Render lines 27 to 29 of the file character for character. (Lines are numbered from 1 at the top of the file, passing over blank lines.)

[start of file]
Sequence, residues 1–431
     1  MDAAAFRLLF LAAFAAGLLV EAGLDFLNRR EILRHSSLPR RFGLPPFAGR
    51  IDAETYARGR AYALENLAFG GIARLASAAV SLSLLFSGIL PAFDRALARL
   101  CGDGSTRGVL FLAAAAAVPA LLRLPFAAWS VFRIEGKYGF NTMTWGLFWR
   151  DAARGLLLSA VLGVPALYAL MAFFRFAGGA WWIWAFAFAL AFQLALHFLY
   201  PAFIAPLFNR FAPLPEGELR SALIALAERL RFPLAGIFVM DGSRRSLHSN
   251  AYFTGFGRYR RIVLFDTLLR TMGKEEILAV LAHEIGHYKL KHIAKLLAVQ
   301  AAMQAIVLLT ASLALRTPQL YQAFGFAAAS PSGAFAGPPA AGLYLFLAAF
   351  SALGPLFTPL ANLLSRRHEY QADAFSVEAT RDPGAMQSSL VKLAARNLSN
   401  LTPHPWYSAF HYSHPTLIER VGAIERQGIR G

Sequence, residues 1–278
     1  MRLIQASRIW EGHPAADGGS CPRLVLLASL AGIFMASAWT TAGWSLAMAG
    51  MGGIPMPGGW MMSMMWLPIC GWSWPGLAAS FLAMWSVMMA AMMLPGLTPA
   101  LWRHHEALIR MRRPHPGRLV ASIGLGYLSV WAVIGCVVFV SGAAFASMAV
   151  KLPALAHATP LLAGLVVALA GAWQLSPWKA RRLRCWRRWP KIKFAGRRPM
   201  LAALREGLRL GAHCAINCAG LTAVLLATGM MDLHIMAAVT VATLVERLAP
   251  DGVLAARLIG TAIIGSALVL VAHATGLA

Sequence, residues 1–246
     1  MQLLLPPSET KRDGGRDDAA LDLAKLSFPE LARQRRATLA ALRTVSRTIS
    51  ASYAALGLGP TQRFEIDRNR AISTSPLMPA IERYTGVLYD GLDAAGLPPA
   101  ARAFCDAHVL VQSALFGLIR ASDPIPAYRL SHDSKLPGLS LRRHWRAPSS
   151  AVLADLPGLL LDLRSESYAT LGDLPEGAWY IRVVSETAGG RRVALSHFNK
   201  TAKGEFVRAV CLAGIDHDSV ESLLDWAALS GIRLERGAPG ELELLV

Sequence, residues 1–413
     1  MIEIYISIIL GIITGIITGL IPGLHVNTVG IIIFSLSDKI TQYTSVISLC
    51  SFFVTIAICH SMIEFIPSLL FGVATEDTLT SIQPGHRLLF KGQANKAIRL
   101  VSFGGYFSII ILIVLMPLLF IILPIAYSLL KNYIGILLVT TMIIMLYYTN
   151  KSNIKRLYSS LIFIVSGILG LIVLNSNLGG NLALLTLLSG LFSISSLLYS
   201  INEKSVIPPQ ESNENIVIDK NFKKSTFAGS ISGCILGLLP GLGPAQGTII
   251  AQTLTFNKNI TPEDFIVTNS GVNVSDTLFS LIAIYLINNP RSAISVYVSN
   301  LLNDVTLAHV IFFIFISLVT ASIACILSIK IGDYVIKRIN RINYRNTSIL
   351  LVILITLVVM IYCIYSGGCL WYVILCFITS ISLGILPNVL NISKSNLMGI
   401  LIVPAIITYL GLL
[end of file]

   101  VSFGGYFSII ILIVLMPLLF IILPIAYSLL KNYIGILLVT TMIIMLYYTN
   151  KSNIKRLYSS LIFIVSGILG LIVLNSNLGG NLALLTLLSG LFSISSLLYS
   201  INEKSVIPPQ ESNENIVIDK NFKKSTFAGS ISGCILGLLP GLGPAQGTII